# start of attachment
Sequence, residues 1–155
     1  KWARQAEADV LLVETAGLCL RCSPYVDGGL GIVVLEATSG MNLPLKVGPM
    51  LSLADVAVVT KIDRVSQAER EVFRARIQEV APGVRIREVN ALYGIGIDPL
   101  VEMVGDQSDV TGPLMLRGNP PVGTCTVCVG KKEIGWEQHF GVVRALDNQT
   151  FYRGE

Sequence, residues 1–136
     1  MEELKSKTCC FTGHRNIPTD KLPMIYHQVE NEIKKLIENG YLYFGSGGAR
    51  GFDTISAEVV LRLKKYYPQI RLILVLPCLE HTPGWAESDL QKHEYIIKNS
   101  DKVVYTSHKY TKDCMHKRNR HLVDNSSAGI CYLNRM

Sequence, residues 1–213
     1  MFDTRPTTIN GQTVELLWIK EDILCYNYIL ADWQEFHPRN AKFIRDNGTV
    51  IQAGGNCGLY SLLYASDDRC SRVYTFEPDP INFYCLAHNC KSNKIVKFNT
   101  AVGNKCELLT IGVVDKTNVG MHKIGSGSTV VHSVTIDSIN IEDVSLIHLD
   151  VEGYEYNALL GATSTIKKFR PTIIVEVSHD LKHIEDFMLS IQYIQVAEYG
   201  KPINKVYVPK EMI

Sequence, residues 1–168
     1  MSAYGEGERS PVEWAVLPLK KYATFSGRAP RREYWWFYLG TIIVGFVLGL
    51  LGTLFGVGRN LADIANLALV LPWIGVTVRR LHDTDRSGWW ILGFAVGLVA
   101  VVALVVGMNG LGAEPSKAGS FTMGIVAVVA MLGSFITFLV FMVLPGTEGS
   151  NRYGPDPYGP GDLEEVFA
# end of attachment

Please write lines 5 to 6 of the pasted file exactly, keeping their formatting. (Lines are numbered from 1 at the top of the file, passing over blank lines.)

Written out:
   151  FYRGE

Sequence, residues 1–136